Sunday, August 27, 2006

Mark Lanegan: Part III - Sweet Oblivion

This is part three of my piece on Mark Lanegan's career.

Part I is here.
Part II is here.

Ah, 1992. I’d just graduated from high school and was finally getting into music that wasn’t complete shite. It was in late 1992 that I first heard Mark Lanegan sing. Cameron Crowe’s Seattle-based film Singles was out and the soundtrack was in the grubby little hands of all of us who had jumped onto the Pearl Jam bandwagon (The soundtrack features two at-the-time-unreleased songs from Pearl Jam). Buried in the second half of the record was the song “Nearly Lost You” by the Screaming Trees.

Nearly Lost You

I liked it immediately, but it would take the urging of a good friend at a later date to finally convince the ignoramus that is me to pick up the Trees’ 1992 masterpiece, Sweet Oblivion.
Said Lord please give me what I need
He said there's pain and misery
Oh sweet oblivion feels alright
It sure does. From album opener “Shadow Of The Season”, the last line of those lyrics neatly sums up the feelings evoked by the Trees at their best. Like most of the music that hit the mainstream from Seattle in the ‘90s, Sweet Oblivion was dark in lyrical content and in musical mood. But something about Lanegan’s vocals soaring over the churning guitars and pounding drums was uplifting and cathartic in spite of, or perhaps because of, the darkness. I guess that’s what separates great music from the pedestrian – that undefinable “something” that elevates certain songs or albums above the rest, causing a primal, gut reaction in its listeners. Sweet Oblivion is loaded with songs of such caliber – ”Nearly Lost You”, “Dollar Bill”, “Winter Song”, “Butterfly”, “No One Knows” and the epic, mind-crunching album closer, “Julie Paradise”. In addition, like all great albums, the entire record fits together like a well constructed puzzle, each song absolutely necessary in its position in the sequence.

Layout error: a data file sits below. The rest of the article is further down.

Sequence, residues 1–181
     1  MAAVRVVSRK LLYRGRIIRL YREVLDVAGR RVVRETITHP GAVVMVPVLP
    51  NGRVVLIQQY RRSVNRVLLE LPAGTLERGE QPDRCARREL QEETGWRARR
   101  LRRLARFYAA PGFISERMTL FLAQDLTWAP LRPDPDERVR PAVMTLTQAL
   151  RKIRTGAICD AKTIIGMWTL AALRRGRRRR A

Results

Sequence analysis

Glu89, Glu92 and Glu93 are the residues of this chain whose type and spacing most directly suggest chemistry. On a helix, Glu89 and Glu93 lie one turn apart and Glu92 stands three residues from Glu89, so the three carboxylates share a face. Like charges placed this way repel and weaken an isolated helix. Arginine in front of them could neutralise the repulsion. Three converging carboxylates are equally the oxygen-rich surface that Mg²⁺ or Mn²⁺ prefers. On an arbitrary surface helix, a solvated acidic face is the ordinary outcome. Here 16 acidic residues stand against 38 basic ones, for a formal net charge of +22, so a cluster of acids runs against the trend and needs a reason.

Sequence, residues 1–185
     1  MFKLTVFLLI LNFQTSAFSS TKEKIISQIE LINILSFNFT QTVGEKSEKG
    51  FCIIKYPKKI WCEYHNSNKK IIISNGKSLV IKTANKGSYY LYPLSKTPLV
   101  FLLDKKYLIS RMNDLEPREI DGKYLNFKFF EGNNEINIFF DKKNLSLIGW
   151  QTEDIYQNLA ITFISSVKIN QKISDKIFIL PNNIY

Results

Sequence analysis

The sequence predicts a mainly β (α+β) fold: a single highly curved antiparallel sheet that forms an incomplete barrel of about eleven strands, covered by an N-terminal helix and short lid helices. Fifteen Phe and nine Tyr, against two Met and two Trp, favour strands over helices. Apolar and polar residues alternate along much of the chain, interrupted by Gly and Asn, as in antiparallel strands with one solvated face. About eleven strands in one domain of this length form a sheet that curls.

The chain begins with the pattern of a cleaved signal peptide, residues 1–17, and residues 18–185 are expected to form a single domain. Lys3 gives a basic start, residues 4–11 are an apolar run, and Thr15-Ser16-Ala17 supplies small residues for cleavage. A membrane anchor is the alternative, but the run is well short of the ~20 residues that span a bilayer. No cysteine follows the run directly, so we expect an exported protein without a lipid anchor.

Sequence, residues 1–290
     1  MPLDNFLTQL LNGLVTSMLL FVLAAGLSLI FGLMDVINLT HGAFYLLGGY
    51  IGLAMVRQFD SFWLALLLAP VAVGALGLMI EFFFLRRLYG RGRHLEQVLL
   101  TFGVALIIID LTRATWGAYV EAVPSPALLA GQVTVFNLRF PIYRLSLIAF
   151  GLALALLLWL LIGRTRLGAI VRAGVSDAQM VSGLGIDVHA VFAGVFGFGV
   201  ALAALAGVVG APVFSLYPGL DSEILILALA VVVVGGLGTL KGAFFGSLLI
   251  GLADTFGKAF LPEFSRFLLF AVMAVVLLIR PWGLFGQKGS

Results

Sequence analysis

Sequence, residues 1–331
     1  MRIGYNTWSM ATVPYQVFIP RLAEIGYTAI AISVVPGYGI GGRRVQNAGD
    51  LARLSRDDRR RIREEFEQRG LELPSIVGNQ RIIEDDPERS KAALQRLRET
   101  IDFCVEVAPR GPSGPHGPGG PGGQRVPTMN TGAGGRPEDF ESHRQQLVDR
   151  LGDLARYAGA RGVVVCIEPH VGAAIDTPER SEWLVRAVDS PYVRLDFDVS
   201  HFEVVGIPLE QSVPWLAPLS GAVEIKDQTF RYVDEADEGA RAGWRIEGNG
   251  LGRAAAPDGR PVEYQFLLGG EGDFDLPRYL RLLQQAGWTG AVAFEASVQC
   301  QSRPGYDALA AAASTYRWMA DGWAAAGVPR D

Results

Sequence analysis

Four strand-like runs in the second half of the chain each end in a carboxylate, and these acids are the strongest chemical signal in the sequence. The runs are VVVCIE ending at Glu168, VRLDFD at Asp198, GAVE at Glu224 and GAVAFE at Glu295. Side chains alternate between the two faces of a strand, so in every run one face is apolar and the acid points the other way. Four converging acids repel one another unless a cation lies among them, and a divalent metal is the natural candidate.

Dollar Bill
Julie Paradise

Of course, the true test of music’s “greatness”, for me at least, is how it stands the test of time. Sweet Oblivion still is as compelling today as it was when I first heard it over a decade ago. At the time the album was recorded, Lanegan’s voice had matured to the point where he’d become one of the best rock singers around. It still makes me angry, in the way that only a fan who feels one of his favorites has been cheated of well deserved fame and fortune can be, that the Screaming Trees never achieved the level of mega-fame that Alice In Chains, Pearl Jam, Nirvana and Soundgarden did.

Click here for PART IV.

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